Dry summer lilies

Nathan Lange plantsman@comcast.net
Wed, 08 Apr 2015 16:03:11 PDT

Luther Burbank's California native lily breeding 
experiments spanned nearly 20 years in the late 
1800's and involved hundreds of thousands of 
field grown plants in or very near Sunset Climate 
Zone 14. Burbank's success is frequently viewed 
as the inspiration for Griffiths' later, more 
focused lily breeding program. The notion that 
Burbank acquired all his hundreds of thousands of 
field grown plants from Carl Purdy and staged his 
entire lily breeding program is mildly 
entertaining. I have never before encountered a 
Luther Burbank lily hybridization denier.

The interest in California native lilies is 
definitely on the rise in the San Francisco Bay 
area and I regularly run into lily enthusiasts 
who are successfully growing numerous species. As 
with so many California native bulb plants worth 
growing, drainage is always the indispensable key 
to success and "horticultural perlite" is seldom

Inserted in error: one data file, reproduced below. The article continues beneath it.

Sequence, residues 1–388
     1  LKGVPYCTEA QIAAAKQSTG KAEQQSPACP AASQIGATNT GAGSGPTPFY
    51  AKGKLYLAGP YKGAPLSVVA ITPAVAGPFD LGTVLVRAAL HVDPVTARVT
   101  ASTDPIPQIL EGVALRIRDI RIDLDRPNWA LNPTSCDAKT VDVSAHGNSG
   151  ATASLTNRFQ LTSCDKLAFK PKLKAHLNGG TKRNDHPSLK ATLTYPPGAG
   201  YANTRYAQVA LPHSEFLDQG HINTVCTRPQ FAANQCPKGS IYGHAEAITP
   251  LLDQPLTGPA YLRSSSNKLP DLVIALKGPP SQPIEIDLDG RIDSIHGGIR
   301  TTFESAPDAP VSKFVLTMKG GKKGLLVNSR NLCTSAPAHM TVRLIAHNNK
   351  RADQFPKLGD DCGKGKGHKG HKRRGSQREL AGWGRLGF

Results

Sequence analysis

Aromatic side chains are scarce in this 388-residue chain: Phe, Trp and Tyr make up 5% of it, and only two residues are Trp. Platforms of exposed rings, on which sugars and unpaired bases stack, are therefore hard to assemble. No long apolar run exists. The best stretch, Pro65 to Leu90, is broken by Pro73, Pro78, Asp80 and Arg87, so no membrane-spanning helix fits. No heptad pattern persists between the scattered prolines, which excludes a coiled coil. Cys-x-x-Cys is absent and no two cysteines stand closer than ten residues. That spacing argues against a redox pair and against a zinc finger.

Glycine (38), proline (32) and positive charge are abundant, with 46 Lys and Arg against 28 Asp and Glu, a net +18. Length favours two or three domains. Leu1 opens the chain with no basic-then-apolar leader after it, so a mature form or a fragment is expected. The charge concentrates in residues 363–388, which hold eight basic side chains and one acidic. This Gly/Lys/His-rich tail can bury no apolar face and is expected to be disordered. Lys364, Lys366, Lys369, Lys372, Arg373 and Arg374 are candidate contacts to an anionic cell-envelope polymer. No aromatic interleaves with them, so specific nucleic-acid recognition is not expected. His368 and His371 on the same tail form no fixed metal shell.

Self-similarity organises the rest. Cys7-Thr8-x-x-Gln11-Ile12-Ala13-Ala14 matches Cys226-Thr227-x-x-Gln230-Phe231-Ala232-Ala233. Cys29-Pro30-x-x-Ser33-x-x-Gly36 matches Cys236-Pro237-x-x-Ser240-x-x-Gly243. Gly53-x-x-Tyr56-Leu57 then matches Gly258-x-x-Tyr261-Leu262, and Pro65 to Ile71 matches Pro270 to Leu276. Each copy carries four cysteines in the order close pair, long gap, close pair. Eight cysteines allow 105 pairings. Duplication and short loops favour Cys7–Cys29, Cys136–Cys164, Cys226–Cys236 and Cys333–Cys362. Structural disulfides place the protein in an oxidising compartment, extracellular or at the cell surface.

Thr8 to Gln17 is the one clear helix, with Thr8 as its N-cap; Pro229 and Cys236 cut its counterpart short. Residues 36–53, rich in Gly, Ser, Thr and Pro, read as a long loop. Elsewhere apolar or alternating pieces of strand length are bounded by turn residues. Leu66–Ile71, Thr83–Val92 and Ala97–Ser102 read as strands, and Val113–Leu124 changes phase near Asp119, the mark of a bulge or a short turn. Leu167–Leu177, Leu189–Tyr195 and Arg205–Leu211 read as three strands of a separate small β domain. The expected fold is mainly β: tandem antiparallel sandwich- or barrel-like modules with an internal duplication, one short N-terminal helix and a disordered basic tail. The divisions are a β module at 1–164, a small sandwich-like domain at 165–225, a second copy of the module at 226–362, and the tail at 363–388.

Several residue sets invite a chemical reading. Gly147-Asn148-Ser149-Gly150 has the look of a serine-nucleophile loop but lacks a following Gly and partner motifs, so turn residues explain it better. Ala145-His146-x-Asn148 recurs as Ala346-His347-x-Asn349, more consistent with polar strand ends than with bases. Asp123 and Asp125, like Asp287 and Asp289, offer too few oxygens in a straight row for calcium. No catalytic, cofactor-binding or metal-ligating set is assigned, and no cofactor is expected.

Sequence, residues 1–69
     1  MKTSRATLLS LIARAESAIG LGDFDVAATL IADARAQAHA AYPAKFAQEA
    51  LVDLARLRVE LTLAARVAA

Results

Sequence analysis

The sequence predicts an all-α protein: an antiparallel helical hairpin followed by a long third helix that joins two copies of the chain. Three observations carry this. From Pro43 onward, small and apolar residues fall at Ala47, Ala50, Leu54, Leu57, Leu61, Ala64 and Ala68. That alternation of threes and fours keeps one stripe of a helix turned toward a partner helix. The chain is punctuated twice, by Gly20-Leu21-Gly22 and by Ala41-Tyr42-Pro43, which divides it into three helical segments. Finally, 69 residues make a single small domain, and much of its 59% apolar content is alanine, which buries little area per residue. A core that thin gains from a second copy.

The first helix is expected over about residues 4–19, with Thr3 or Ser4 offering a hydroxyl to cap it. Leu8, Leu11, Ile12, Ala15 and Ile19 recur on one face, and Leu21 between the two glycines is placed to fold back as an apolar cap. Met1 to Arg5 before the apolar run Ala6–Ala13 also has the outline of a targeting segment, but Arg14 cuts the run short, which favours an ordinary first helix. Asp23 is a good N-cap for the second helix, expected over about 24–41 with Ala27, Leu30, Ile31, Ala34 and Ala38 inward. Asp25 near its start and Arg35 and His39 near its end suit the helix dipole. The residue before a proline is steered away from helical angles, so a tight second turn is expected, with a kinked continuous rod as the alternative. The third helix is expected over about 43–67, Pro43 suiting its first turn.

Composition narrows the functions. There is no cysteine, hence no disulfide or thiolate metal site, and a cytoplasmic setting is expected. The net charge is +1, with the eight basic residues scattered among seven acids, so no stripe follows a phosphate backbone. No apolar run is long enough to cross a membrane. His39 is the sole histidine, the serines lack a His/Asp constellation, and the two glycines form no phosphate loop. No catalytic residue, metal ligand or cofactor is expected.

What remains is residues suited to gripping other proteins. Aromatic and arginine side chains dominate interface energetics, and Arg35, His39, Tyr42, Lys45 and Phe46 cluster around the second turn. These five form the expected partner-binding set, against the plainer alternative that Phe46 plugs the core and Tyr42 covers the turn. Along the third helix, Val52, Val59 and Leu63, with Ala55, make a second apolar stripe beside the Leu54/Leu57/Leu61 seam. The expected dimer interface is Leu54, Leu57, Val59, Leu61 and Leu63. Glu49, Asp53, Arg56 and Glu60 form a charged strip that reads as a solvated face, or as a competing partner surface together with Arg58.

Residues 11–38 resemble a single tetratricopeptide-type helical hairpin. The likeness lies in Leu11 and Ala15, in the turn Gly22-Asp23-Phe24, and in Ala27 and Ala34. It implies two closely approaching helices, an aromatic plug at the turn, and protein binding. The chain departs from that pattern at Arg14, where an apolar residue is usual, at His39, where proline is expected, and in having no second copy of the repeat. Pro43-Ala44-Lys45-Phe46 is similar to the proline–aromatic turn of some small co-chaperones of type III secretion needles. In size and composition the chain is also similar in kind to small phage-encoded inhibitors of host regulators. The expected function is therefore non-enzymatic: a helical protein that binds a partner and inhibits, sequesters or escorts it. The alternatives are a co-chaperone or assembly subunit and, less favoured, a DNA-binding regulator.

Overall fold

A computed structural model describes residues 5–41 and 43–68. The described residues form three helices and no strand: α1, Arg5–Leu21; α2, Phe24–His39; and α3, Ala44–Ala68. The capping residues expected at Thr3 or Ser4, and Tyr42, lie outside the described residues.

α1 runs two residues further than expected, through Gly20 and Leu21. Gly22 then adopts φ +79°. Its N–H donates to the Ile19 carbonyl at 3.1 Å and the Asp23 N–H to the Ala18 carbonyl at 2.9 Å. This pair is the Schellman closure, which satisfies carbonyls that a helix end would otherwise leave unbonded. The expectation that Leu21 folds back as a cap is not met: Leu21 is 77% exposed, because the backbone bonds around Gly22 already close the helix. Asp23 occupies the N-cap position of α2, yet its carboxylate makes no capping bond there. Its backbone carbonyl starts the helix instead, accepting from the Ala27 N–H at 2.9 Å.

part of the solution. Many species have 
spectacular flowers, unbelievably high bud 
counts, amazing fragrance, wide variability, and 
exquisite glaucous blooms covering their wavy 
foliage. It's always an incredible site to see 
magnificent flowering plants in the wild towering 
above one's head. Good "garden plants?" 
Definitely not, but worth growing nonetheless.

Nathan


At 04:52 PM 4/7/2015, you wrote:
>I would be very wary of any early twentieth 
>century claims that the western North American 
>lilies were being successfully grown as garden 
>plants. Why? Because Carl Purdy ran a brisk 
>trade in collected plants. A lot of the 
>gardeners I know seem to think that "easily 
>grown" means the same thing as " readily 
>replaced". The typical bulb catalog is filled 
>with plants which many gardeners mistakenly 
>regard as "easily grown" when what they mean is 
>"easily replaced". Just look at what happened 
>to bulb culture here in the United States during 
>the quarantine years early in the twentieth 
>century.There was one very successful exception: 
>David Griffiths' hybridization of lilies which 
>purportedly were derived ultimately from L. 
>humboldtii x L. pardalinum. Those plants existed 
>by the thousands (maybe tens of thousands) at 
>the peak of Griffiths' program. And they 
>disappeared shortly after Griffiths' death 
>except for certain selected clones, some of 
>which survived for a few more decades.  Jim 
>McKenneyMontgomery County, Maryland, USA, USDA 
>zone 7, where spring is quickly approaching its 
>most beguiling. Â 
>Â 
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